I’ve had a lot of people ask me questions about what I’m doing, so it’s great that I’m helping other people learn about Ramadan and Islam. I think education is definitely key to breaking down stereotypes and inaccurate information about the Muslim community, asylum seekers and refugees.
The first day of fasting was easier than I expected, but I think I was lulled into a false sense of security! The second day was a lot tougher as the weather was warm and I was more active that day. I have really enjoyed Ramadan. It has made me appreciate what I have. I might feel hungry and thirsty, but it’s only a temporary state for me. For people all over the world, that’s how they feel on a daily basis. I’m so lucky that at Iftar I get to eat whatever I feel like, many people don’t have that luxury.
I usually drink a lot of water throughout the day, so being thirsty has definitely been the main challenge! I’m working from home at the moment and I’ve found that I keep standing up to walk to the kitchen to get water, then remembering and sitting back down again! I currently start my fast just after 3am and break it at around 9pm, so that means no food or drink for around 18 hours. I think the only time I’ve ever eaten at 3am before is when I’ve had a kebab after a night out! I have also abstained from drinking alcohol, swearing and any other activities which are prohibited during this time.
Kindness and strength
To push through the challenges, I have just tried to focus on the reasons why I’m doing this. My family, friends and colleagues have been extremely supportive, and my students have been sending me tips and words of encouragement. They’ve been sending me recipes and suggesting traditional food from their home countries to try for Iftar.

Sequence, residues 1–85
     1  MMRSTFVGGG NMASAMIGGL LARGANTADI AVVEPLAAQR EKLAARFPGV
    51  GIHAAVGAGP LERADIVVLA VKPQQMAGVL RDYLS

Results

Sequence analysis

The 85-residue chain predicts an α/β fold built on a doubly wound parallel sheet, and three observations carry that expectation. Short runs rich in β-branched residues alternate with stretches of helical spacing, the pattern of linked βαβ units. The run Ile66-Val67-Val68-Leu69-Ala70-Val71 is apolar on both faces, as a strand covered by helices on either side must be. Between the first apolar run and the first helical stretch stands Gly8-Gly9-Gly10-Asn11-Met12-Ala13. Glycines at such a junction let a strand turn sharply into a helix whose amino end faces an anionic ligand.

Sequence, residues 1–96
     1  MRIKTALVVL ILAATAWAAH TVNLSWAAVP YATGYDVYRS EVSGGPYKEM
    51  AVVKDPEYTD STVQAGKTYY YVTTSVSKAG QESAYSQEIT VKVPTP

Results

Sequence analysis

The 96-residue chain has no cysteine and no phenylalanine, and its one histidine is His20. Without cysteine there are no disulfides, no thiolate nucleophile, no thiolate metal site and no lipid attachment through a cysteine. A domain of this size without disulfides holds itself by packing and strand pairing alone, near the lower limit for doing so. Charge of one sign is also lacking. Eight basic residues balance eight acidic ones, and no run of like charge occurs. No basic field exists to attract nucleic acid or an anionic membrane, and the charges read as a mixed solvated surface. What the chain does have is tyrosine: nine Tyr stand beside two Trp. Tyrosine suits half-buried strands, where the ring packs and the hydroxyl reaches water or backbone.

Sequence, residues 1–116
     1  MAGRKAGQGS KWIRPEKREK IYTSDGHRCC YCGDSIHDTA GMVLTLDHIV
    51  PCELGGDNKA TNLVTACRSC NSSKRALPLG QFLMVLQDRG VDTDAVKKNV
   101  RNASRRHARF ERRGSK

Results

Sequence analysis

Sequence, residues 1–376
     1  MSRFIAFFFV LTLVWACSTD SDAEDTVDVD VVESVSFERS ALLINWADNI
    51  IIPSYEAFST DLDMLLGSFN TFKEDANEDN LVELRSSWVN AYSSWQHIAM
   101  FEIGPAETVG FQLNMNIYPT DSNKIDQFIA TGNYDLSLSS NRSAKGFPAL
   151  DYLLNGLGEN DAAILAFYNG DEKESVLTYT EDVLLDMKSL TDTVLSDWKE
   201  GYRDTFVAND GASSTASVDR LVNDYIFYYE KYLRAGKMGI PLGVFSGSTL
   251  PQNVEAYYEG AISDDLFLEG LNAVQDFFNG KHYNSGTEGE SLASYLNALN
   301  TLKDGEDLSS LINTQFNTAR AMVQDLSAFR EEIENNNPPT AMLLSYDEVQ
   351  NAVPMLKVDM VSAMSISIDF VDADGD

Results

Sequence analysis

Working with them has completely changed my outlook on life, so I feel by doing this I am helping to repay them for that. Their kindness and strength, despite the horrendous traumas many of them have faced, never ceases to amaze and inspire me. I’ve also been using my Instagram account @claireellenharmer to document my journey over the month. I’ve had some really kind messages and donations from complete strangers, which I never expected.
Since the lockdown restrictions were put in place, our lives in the UK have become a lot more difficult. Fasting has given me focus to be grateful for what I have and not think so much about what I am missing. Overall, the experience has been extremely rewarding and I am a little sad that Ramadan will end this weekend.
I’m looking forward to celebrating my first Eid with family and friends online. One of my students told me that I need to dress in my best clothes. They are used to seeing me in jeans and trainers everyday at the college! I will be making cakes and traditional Eid sweets to deliver to friends in my area. I will also be eating lots of food!
Eid Mubarak! Kul ‘am wa tantum bi-khair!
It’s not too late to sponsor Claire, head on over to her fundraising page to find out how. Action Foundation are so grateful to Claire for taking on this challenge to support refugees and asylum seekers in our community.